Fire-And-Forget wrapper for sending simple UDP data using boost::asio libraries

So I had a problem, as part of an embedded software system I was working on I needed to periodically send some GPS information via UDP datagrams to other devices on the network – really simple stuff, transmit a string to an IP address on a given port, Fire And Forget, send a string from here to there – end of story!

Now my normal port of call these days for networking in C++ is to reach for the boost::asio libs, as mentioned here, this library is very powerful and flexible and can handle a huge number of different networking scenarios.

All well and good, but sometimes I wish that I could just call a simple function and not have to remember or worry about all of boost stuff as it can be a proper head-wreck and there’s a lot of typing as the namespaces are so long! Python has me really spoiled, it makes so many things simple and easy to use!

So I wrote a little C++ wrapper class that just has 1 function called send() that can send a string or the contents of a binary buffer, the class is called: boost_udp_send_faf (faf stands for Fire-and-Forget!).

It is a very basic wrapper around the boost libs and only handles very simple transmission use-cases, but these use-cases probably cover about 80% of my UDP transmission needs!

To use the class for a single Fire-and-Forget send:

//
#include "boost_udp_send_faf.h"

boost_udp_send_faf("192.168.1.44", 8861).send("The message!");
//

This sends the message to 192.168.1.44 on port 8861.

If your program needs send multiple datagrams, then we can keep the socket open and reuse the end-point like this:

//
#include "boost_udp_send_faf.h"

boost_udp_send_faf sender("192.168.1.44", 8861);
	
for (auto i = 0; i != 10; i++) {
    sender.send("Lots of messages! :-/");
}
//

The socket will remain open until the ‘sender’ object goes out of scope.

It’s probably best to add exception handling to your calls as they can fail for lots of reasons and as ever networking is very flaky & unpredictable.

//
try {
    boost_udp_send_faf("192.168.1.44", 8861).send("The message!");
}
catch (const boost::system::system_error& ex) {
    cerr << "Send failed: " << ex.what();
}
//

This will also ensure that the socket is closed once the message is sent as the object will go out of scope when execution leaves the try block.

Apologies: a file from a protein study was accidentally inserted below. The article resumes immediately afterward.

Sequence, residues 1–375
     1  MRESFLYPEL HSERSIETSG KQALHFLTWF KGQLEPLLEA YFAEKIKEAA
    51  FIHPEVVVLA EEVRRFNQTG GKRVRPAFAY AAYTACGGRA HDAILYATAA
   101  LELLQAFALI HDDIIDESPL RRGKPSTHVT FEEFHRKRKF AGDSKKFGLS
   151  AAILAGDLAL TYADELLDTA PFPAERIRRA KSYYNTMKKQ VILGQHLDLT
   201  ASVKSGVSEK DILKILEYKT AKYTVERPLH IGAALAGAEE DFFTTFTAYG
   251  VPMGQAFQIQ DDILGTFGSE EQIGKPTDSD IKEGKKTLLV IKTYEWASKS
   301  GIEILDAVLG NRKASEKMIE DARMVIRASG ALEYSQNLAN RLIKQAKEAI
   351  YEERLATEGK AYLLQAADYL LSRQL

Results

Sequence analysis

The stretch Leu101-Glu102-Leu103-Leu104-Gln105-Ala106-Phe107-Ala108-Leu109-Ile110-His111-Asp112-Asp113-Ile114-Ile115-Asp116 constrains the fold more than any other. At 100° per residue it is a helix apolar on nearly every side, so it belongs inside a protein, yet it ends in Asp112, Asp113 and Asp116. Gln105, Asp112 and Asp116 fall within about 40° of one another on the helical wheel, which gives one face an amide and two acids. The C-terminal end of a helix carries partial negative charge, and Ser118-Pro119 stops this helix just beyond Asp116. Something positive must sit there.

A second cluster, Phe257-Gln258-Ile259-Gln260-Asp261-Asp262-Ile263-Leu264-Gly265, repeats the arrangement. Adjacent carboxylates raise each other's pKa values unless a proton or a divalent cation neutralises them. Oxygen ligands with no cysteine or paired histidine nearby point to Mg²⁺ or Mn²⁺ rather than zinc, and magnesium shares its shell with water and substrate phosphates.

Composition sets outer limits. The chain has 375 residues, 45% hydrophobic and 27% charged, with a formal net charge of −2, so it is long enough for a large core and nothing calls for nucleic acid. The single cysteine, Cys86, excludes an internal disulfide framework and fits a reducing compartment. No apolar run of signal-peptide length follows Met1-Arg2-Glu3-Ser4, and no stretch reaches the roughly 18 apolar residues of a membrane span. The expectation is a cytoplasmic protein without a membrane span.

The code for boost_udp_send_faf can be found in this repo, but I have in-lined it below as well:

#pragma once

//   Copyright 2018 Kevin Godden
//
//   Licensed under the Apache License, Version 2.0 (the "License");
//   you may not use this file except in compliance with the License.
//   You may obtain a copy of the License at
//
//       http://www.apache.org/licenses/LICENSE-2.0
//
//   Unless required by applicable law or agreed to in writing, software
//   distributed under the License is distributed on an "AS IS" BASIS,
//   WITHOUT WARRANTIES OR CONDITIONS OF ANY KIND, either express or implied.
//   See the License for the specific language governing permissions and
//   limitations under the License.

#include 
#include 

//
// Fire-and-Forget (FAF) transmission for UDP
// using the boost::asio lib. Very simple wrapper
// around the boost libs.
//
// Can throw the following exception:
//	boost::system::system_error
//
// Synopsis --->
//
// For a single Fire-and-Forget send:
//
// #include "boost_udp_send_faf.h"
//
// boost_udp_send_faf("192.168.1.44", 8861).send("The message!");
//
//
// To send multiple datagrams while keeping the socket open and
// reusing end-point:
//
// #include "boost_udp_send_faf.h"
//
// boost_udp_send_faf sender("192.168.1.44", 8861);
//		
// for (auto i = 0; i != 10; i++) {
//     sender.send("Lots of messages! :-/");
// }
//
// The socket will remain open while the boost_udp_send_faf object is in scope
// so to control when the socket is closed, control the scope of the object.
//
// If you want to do anything fancy like using scatter-gather buffers etc. then
// just use the boost libs!  This is for real simple stuff!
//


class boost_udp_send_faf {
	boost::asio::io_service io_service;
	boost::asio::ip::udp::socket socket;
	boost::asio::ip::udp::endpoint remote_endpoint;

public:

	boost_udp_send_faf(const std::string& ip_address, const int port, const bool broadcast = false) : socket(io_service) {
		
		// Open socket
		socket.open(boost::asio::ip::udp::v4());

		// I wouldn't recommend broadcasting unless you are
		// in complete control of your subnet and know
		// what's on it and how it will react
		if (broadcast) {
			boost::asio::socket_base::broadcast option(true);
			socket.set_option(option);
		}

		// make endpoint
		remote_endpoint = boost::asio::ip::udp::endpoint(boost::asio::ip::make_address(ip_address.c_str()), port);
	}

	// Send a string to the preconfigured endpoint
	// via the open socket.
	void send(const std::string& message) {
		boost::system::error_code ignored_error;
		socket.send_to(boost::asio::buffer(message), remote_endpoint, 0, ignored_error);
	}

	// Send some binary data to the preconfigured endpoint
	// via the open socket.
	void send(const unsigned char* data, const int len) {
		boost::system::error_code ignored_error;
		socket.send_to(boost::asio::buffer(data, len), remote_endpoint, 0, ignored_error);
	}
};